The effect of bisphosphonates in specific knee osteoarthritis subpopulations
Changes in subchondral bone turnover play a role in knee osteoarthritis (OA) pathogenesis and are a promising target for treatment. Yet, randomized clinical trials to date investigating the effectiveness of bisphosphonates in knee OA have found divergent results, with no superiority of these drugs over placebo in a recent meta-analysis. The aim of this study is to investigate the effect of bisphosphonates in specific knee OA subpopulations, based on possible distinct rates of subchondral bone turnover, to identify whether particular patient subgroups are more likely to benefit from this therapy than others. A systematic literature search will be conducted for randomized clinical trials comparing bisphosphonates with other control treatments in individuals with symptomatic knee osteoarthritis. Authors of original trials will be contacted to obtain individual patient data from each study.
The primary outcomes will include pain and radiographic minimum joint space width loss (mm) in the index knee. Outcomes will be grouped into three main time points of outcome assessment: short-term (≤3 months), intermediate-term (>3 months; ≤12 months); and long-term (>12 months). Potential treatment effect modifiers to be examined in the subgroup analyses include: gender, menopausal status, body mass index, radiographic disease stage, baseline knee pain severity, presence of bone marrow lesions on MRI, and baseline levels of systemic biochemical markers of bone turnover (serum and/or urinary). Regression models will be used adding an interaction term for each subgroup of interest to determine possible subgroup effects.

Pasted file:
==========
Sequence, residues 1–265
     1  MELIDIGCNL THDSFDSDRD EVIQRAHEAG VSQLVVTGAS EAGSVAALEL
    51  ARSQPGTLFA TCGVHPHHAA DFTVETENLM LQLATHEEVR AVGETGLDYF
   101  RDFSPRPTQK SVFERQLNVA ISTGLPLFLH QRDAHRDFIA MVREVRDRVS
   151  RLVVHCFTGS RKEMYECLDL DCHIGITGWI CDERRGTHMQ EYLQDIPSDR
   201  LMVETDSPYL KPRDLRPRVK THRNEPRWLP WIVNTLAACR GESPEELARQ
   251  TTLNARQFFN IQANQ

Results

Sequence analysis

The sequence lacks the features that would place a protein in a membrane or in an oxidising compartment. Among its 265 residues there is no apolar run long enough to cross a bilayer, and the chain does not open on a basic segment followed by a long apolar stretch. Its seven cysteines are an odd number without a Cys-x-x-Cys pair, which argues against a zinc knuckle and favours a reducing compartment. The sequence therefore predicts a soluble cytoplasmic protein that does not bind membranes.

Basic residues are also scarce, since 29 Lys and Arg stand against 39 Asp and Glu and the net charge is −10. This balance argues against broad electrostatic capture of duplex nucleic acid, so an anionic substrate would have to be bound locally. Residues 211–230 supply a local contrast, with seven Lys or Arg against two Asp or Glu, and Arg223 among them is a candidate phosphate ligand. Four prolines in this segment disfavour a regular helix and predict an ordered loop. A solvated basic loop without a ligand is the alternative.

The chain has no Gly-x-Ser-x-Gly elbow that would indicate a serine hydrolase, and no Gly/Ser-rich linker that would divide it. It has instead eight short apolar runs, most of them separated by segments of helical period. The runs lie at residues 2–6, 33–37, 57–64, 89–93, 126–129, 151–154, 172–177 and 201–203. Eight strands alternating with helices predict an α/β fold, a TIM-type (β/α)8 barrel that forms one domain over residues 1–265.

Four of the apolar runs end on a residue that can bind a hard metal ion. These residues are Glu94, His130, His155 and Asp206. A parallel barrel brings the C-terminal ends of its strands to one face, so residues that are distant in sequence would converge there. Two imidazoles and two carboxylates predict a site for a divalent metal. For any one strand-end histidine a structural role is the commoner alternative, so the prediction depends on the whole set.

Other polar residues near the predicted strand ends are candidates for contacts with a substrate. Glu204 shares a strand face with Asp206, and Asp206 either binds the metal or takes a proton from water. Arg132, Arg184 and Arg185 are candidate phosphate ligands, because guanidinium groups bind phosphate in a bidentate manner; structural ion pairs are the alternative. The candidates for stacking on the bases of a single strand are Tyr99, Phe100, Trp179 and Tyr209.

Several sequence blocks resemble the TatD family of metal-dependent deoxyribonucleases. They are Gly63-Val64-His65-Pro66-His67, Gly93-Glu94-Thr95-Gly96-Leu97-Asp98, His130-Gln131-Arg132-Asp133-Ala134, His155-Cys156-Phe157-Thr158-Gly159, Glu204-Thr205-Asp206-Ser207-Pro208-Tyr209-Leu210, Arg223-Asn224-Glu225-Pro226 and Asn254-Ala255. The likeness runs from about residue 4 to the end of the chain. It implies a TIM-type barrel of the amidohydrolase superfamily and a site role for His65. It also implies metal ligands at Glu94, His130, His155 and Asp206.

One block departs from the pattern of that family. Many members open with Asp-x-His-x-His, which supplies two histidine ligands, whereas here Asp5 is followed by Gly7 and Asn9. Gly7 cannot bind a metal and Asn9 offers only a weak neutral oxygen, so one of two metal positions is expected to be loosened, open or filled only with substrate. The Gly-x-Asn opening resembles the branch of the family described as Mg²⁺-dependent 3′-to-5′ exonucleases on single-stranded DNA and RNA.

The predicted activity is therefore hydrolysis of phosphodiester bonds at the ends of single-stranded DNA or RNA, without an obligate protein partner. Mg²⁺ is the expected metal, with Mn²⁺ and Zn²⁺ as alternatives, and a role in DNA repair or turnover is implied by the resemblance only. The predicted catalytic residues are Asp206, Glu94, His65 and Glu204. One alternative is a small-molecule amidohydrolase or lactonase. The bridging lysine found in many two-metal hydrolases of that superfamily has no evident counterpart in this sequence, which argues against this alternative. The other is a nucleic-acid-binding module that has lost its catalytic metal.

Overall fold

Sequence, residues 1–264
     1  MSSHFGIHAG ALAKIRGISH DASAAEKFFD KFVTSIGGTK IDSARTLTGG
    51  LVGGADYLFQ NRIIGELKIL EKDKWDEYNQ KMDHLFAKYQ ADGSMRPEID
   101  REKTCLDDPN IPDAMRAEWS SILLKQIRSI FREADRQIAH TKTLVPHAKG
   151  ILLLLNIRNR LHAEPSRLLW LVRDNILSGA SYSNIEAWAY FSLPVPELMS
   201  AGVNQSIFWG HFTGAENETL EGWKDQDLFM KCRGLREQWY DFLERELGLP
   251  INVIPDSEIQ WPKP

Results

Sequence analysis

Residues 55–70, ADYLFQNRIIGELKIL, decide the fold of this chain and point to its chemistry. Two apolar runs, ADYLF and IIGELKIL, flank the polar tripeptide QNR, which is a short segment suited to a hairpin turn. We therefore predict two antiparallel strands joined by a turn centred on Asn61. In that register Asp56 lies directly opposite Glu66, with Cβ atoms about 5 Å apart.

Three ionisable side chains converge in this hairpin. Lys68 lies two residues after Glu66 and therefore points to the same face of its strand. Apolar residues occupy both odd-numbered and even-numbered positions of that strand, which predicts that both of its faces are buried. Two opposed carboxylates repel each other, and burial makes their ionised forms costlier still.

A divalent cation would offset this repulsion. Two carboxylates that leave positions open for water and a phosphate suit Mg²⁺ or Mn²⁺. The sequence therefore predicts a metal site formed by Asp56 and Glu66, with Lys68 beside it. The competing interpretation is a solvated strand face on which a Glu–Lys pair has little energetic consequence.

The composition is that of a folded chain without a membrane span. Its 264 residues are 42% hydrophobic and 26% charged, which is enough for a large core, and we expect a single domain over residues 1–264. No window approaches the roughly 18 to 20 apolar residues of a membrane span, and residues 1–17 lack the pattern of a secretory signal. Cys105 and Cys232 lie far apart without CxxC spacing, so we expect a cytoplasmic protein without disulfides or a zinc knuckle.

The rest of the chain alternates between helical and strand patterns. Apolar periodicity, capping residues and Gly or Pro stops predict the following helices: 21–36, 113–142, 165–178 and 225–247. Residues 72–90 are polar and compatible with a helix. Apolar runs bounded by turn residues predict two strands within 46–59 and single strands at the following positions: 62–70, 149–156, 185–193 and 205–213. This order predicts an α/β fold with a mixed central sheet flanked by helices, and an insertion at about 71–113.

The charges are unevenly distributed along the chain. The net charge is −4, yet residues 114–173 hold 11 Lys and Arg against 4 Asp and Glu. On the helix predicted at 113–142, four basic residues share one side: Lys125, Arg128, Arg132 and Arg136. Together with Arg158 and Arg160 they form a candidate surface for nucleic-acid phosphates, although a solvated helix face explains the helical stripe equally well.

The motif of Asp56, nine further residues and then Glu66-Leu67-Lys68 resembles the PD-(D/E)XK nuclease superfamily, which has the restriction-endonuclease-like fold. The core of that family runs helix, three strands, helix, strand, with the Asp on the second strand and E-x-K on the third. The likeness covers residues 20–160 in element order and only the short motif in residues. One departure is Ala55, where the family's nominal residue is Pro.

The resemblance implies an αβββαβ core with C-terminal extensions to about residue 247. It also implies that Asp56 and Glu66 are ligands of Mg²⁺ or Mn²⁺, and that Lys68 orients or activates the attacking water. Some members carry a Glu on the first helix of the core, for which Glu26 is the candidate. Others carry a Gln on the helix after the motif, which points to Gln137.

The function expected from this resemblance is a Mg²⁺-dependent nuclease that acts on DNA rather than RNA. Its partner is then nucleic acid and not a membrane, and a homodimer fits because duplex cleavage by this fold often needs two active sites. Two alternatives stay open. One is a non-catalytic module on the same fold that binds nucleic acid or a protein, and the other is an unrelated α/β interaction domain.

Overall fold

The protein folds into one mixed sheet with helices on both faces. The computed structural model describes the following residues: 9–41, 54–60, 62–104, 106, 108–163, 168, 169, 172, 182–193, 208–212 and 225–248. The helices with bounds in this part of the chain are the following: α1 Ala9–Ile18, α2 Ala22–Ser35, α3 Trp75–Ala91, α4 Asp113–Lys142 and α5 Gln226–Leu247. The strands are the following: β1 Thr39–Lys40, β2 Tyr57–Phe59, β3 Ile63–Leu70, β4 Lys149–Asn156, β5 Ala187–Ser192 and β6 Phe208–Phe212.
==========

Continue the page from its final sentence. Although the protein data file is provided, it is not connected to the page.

This is an ongoing project and the protocol is in preparation.
Sita Bierma Zeinstra 2,3
Willem Evert Van Spil 4
Win Min Oo 1
Bruno T Saragiotto 5,6
Tuhina Neogi 7
Marienke van Middelkoop 3
David J Hunter 1
1. Rheumatology Department, Royal North Shore Hospital and Institute of Bone and Joint Research, Kolling Institute, University of Sydney, Sydney, NSW Australia, 2. Department of Orthopedic Surgery, Erasmus MC, University Medical Centre Rotterdam, Rotterdam, The Netherlands, 3. Department of General Practice, Erasmus MC, University Medical Centre Rotterdam, Rotterdam, The Netherlands, 4. Department of Rheumatology & Clinical Immunology, University Medical Center Utrecht, Utrecht, The Netherlands, 5. School of Public Health, Sydney Medical School, The University of Sydney, Sydney, NSW, Australia, 6. Centre for Pain, Health and Lifestyle, Australia, 7. Clinical Epidemiology Research and Training Unit, Boston University School of Medicine, Boston, Massachusetts, USA.